The musical talents themselves haven’t disappointed. One of the strong points of The Voice is the blind auditions where coaches sit backing the stage and only turn if they like what they hear (or hear what they like). Presumably, a lot of the wannabes or ‘shouldnotbes’ have been weeded out so (almost) everyone who’s auditioning blindly can pass.

We’ll know who the top contenders are by the time the live shows begin. There’s still a few stages to go. After the blind auditions come the battle stage. Each coach will fine tune his/her team by pitching one contestant against another to end up with the final selection that will go into the live shows against every other contestant. At least, that’s how it works in the other versions of The Voice. So far, The Voice Nigeria has proved capable of keeping up with The Voice’s traditions.
Join host IK Osakioduwa and cohost Stephanie Coker later this evening at 7 pm on Africa Magic Showcase, dstv channel 151.

COME AGAIN?
President Muhammadu Buhari receives former Burundian president Pierre Buyoya; appeals for dialogue in resolving political crisis in Burundi.”

NTA news headlines, Wednesday April 6, 2016.
If it takes visiting ex-presidents for our own president to preach dialogue as a way of resolving political crises, we need to get more presidents and ex-presidents to visit more often. When I remember the violence visited on Rivers and Bayelsa States, I wonder if President Buhari had these same words of ‘dialogue’ for his representatives like Rotimi Amaechi and Timipre Sylva? The do-or-die in these Niger Delta states may not be unconnected with the lamentations of APC national chairman, John Odigie-Oyegun, who was reported as saying: “We have lost very important resource-rich states to the PDP. No matter how crude oil prices have fallen, it is still the most important revenue earner for the country.”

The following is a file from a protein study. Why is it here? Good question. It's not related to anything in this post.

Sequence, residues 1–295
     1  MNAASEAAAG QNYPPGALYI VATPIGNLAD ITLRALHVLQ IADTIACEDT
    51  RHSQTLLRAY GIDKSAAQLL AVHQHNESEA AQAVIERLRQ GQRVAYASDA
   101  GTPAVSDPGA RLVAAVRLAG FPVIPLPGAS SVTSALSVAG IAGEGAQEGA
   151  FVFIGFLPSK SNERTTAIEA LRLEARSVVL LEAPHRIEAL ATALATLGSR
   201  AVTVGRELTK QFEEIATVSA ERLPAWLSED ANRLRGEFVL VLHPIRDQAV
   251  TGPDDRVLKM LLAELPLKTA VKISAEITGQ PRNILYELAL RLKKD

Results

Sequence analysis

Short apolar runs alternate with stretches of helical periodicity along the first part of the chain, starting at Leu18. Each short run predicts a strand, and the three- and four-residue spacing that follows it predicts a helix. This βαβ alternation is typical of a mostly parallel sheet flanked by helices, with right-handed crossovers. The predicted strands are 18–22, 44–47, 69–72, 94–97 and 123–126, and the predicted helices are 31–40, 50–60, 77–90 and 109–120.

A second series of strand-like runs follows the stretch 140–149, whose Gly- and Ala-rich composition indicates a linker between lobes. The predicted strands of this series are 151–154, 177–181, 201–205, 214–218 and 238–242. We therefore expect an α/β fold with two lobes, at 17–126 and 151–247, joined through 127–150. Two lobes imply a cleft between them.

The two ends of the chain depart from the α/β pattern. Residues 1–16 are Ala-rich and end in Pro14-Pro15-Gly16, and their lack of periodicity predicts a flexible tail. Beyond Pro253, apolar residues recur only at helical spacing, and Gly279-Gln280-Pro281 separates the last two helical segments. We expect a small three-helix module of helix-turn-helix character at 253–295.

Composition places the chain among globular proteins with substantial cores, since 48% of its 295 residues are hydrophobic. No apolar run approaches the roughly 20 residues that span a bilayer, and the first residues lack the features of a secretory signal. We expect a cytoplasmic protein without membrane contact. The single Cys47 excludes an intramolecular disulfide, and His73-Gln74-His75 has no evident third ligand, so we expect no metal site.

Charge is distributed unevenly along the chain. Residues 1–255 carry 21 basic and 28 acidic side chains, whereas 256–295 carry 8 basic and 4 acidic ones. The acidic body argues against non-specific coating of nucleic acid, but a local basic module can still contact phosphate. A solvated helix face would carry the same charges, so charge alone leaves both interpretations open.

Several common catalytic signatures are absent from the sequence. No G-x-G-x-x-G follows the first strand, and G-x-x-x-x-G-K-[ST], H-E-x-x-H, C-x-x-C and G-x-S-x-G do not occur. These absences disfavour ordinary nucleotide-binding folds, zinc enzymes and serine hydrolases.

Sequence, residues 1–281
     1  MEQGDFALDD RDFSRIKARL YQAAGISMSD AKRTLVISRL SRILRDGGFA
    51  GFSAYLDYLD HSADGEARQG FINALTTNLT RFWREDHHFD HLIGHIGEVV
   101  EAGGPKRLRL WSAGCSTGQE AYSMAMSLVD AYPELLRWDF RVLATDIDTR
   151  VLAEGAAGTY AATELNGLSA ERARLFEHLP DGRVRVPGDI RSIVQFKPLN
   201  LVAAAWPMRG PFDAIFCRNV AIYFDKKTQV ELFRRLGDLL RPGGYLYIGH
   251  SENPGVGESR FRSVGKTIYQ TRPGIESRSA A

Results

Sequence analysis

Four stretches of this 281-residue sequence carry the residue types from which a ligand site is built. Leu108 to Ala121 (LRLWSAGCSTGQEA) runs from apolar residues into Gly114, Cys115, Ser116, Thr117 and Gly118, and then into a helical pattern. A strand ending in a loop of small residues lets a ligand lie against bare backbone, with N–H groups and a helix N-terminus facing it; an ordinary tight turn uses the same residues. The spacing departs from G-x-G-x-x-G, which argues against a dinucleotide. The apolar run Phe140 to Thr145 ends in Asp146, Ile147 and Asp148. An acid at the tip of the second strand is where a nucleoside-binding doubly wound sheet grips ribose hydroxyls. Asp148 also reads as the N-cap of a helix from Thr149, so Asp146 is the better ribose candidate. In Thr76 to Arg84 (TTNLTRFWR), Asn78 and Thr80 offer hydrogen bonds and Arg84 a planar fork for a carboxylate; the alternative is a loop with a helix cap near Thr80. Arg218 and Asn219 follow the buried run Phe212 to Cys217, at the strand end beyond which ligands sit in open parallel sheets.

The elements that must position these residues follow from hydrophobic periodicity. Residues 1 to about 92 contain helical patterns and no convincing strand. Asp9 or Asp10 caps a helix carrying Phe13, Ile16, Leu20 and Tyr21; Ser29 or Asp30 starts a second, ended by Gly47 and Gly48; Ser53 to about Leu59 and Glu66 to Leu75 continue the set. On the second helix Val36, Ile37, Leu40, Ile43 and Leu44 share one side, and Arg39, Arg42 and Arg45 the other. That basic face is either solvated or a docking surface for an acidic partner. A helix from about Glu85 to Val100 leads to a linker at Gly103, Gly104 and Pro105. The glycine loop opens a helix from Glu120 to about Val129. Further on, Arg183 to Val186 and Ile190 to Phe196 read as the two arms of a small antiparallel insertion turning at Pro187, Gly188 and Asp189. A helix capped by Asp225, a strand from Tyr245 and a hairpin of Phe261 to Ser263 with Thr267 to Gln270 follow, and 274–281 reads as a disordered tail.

President Buhari has been called many wonderful things. But I doubt that even his staunchest- hailer would have described him as a man of ‘dialogue.’
So, we welcome this new side of our president as preacher of dialogue.

“Speaker Dogara calls for attitudinal changes from Nigerians in tandem with changing times.”
NTA headlines, Tuesday April 19, 11.58 am.
Is someone trying to become the new Hon. Patrick Obahiagbon a.k.a Igodomigodo? I doubt that the good speaker spoke all this ‘grammar’: ‘attitudinal changes in tandem with changing times’? Perhaps if it could only be broken down into simple English. Then we would know which changing times and exactly what attitude we Nigerians need to change (unlike the speaker who doesn’t appear to be talking like he’s also a Nigerian). And doesn’t the word change appear too many times? We have yet to recover from the earlier change sold by Speaker Dogara and his party of change agents.